I'm in the middle of listening to a live webstreaming going on now of TEDxCMU. It's an independent TED event. If you don't know what TED is, you should check it out. TEDxCMU happens every year; unfortunately, it's very popular so when I applied for a ticket (free), I was unsuccessful.. along with the other 700 people who didn't get one of the 400 seats. So live webstreaming it is - granted, though, it has the benefit that I can study for my Statistics Final during the parts I don't want to listen to, go check my washing, etc. The downside is I may actually skip over talks that I probably should've listened to.
One of those talks was by a blogger called Gala Darling. I didn't pick it up at first, but she's a Kiwi living in the states with a large following, primarily in fashion. When I listened to her talk, it seemed a lot of the same stuff that I've been hearing as a woman: love yourself, build up your self-esteem, so on. It's a message that I think has the ability to be distorted; telling a 350-pound woman that she should love herself and there's nothing wrong with her body size gives out the wrong message. But during her talk, she brought up a few ideas that I think I'm going to incorporate. One was to have a Things I Like Thursdays. My list will be pretty small at the moment, seeing as we're in the middle of finals and about to head to Spring Break, but I will try to maintain a similar blog entry about my time here at Tepper. The second and third suggestions are a little bit more personal; write a log book of things I'm happy about/feel good about, and write down every compliment someone has given you. One of the biggest aspects of this program (and probably any top-tier MBA program) is that is really throws your self-esteem into the blender and churns out a pile of tatters that you have to tenuously hold onto.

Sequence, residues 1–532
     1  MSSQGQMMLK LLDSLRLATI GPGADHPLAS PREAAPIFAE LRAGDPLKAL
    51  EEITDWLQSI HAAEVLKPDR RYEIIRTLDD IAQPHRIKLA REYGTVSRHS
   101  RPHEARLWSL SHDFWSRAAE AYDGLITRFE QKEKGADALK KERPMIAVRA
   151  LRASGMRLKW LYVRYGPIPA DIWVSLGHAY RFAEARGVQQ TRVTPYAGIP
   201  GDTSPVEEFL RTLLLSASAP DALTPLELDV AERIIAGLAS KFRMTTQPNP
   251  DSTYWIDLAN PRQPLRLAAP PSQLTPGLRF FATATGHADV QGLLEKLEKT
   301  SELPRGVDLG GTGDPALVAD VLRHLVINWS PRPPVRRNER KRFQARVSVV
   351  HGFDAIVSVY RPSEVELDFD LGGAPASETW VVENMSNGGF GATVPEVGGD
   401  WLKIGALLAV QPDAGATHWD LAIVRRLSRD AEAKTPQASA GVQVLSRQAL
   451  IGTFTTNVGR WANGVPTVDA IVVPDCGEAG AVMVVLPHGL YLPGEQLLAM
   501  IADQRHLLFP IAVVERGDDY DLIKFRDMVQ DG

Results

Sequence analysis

When visiting her blog, I was also referred to this site called The Grindstone. I'll have to say, one of the most interesting and relevant blogs I've come across that talks about women & business. Or just life in Business. Very interesting.
I write this waiting for John Riccotiello, the CEO of Electronic Arts. I heard him speak when we visited EA in January as part of the B&T trek and it was amazing.
Since this is also the first mini in which I undertook some elective classes (well, I lie, I took one in Mini 1 but that was more convenience than desire), I'll post a write-up of my experiences in those classes. A couple of people I've talked to said that a lot of their decision on which school to attend was dependent on the types of electives that were offered, so I'm going to assume that it's going to be the same case here. I'll aim for that one on Wednesday after my last final, but before I head off to GDC. :)